50 years of Greece's New Democracy party: A legacy of prosperity, stability and inclusivity

The Greek political movement New Democracy has worked to become a broad-church of opinions and ideals centred on a set of common-sense values and is seeing continued success 50 years on from its founding

By Christina Georgaki

Christina is the founder and managing partner of Georgaki and Partners Law Firm.

03 Apr 2024

This week my party is celebrating the 50th anniversary of our founding. It might seem odd, in the world’s most ancient democracy, to be marking such a relatively youthful birthday. But there is so much for us to be grateful for in the last half century of New Democracy’s existence - and it is important, also, that we take this opportunity to remember how important but also how fragile democracy itself can be. 

It was New Democracy which, in 1974, guided our country back to democracy after years of military rule. The transfer of power from unelected rulers to those chosen and trusted by the people can often be a dangerous time for a country. But we achieved a peaceful handover that safeguarded the security and the prosperity of the Greek people. For that achievement, New Democracy has regularly been rewarded by the voters - we have spent most of our 50 year history in office as one of the most electorally successful political movements of the 20th and 21st centuries. 

Many of the most significant moments in modern Greek history have happened under - and been driven by - New Democracy governments. It was New Democracy that took Greece into the EU, which has been essential to our country’s continued prosperity and for enhancing our place on the world stage. And it was New Democracy that secured the right to host the 2004 Olympic Games - bringing the modern games to their ancient home and reinforcing for the whole world the centrality of the games’ underlying values of cultural exchange and human dignity. And, of course, it was New Democracy in whom the Greek people placed their trust to clean up the mess that was left after a far-left government coincided with a global financial crisis. We are successful as a political movement not because the electorate is unimaginative but because they know that we can be counted on to deliver.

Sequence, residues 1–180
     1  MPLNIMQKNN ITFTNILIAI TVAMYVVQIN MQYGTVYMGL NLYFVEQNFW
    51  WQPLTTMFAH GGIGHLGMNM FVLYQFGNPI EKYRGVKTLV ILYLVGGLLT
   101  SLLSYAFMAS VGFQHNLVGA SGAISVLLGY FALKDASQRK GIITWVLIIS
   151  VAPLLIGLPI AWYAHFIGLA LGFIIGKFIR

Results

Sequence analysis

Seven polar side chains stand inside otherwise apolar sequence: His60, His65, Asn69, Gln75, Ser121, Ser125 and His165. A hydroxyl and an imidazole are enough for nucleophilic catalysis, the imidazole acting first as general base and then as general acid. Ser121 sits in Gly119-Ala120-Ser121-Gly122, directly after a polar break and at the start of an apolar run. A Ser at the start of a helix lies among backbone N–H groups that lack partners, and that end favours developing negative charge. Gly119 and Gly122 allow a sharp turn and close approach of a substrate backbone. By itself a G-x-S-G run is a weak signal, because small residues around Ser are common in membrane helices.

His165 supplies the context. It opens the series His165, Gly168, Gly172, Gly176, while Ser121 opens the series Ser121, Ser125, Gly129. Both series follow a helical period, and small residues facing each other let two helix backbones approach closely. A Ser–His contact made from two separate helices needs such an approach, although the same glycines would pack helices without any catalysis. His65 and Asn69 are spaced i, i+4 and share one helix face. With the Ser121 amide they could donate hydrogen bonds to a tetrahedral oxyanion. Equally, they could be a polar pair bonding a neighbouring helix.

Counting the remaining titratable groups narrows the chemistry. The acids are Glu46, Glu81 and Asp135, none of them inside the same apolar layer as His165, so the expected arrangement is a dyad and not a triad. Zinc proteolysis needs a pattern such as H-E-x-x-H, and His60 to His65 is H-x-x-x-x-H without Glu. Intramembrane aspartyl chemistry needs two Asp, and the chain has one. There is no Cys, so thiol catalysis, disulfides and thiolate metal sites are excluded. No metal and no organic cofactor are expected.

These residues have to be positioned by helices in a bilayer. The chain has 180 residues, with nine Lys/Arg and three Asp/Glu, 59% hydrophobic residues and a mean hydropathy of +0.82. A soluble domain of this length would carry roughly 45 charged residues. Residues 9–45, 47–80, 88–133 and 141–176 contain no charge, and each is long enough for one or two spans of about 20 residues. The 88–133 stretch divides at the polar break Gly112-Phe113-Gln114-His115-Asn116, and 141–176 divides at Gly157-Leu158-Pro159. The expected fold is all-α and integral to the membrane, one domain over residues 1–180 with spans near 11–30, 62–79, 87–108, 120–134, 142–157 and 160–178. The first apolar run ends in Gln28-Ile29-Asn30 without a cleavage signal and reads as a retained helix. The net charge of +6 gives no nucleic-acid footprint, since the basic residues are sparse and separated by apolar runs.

Political movements cannot live in the past or rest on their laurels

Our values are eternal and they are pragmatic. As our current New Democracy Prime Minister has said “Those who believe in economic growth, healthy entrepreneurship, responsible patriotism, the defense of rights and freedoms, while supporting the weakest and the welfare state, have a place in New Democracy.” Around the world, we see many centre-right movements becoming more polarising and less inclusive, in a race to the bottom. New Democracy has gone in the opposite direction - deliberately building a tent big enough for many strands of opinion, centred on a set of common-sense values around which we can all cohere. It’s that big tent that won us the trust and the support of the Greek electorate in the last election and keeping that common-sense, common-ground coalition together is the mission for my party over the next 50 years.

What does that mean in practice? It means building on the strong foundations for recovery that we have had the privilege to lay over the last decade. Greek salaries are rising, our economy is growing and inflation here in Greece is significantly lower than elsewhere in Europe. New Democracy is also building the economy of the future, investing in research and development and partnering with the EU to bring more cutting-edge innovation to Greece. In my own small way, through my work to attract foreign direct investment into Greece, I am proud to be part of that plan for prosperity. 

Political movements cannot live in the past or rest on their laurels. And New Democracy’s history shows that we will not. But we must always celebrate what is good - and New Democracy has been an unalloyed good for Greece. We have been putting our country’s prosperity and welfare above narrow political interests for half a century, and we will carry on doing so for the next fifty years.